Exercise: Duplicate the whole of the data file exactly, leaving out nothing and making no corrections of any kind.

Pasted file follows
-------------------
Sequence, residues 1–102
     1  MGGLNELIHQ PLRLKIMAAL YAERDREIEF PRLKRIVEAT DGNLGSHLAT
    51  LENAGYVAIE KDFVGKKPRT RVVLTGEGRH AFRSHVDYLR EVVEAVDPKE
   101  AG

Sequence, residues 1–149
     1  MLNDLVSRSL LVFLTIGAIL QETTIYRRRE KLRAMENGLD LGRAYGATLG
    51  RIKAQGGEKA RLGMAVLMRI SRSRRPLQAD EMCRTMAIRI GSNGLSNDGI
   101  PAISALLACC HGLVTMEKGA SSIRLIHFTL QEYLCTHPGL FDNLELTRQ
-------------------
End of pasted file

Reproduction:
Sequence, residues 1–102
     1  MGGLNELIHQ PLRLKIMAAL YAERDREIEF PRLKRIVEAT DGNLGSHLAT
    51  LENAGYVAIE KDFVGKKPRT RVVLTGEGRH AFRSHVDYLR EVVEAVDPKE
   101  AG

Sequence, residues 1–149
     1  MLNDLVSRSL LVFLTIGAIL QETTIYRRRE KLRAMENGLD LGRAYGATLG
    51  RIKAQGGEKA RLGMAVLMRI SRSRRPLQAD EMCRTMAIRI GSNGLSNDGI
   101  PAISALLACC HGLVTMEKGA SSIRLIHFTL QEYLCTHPGL FDNLELTRQ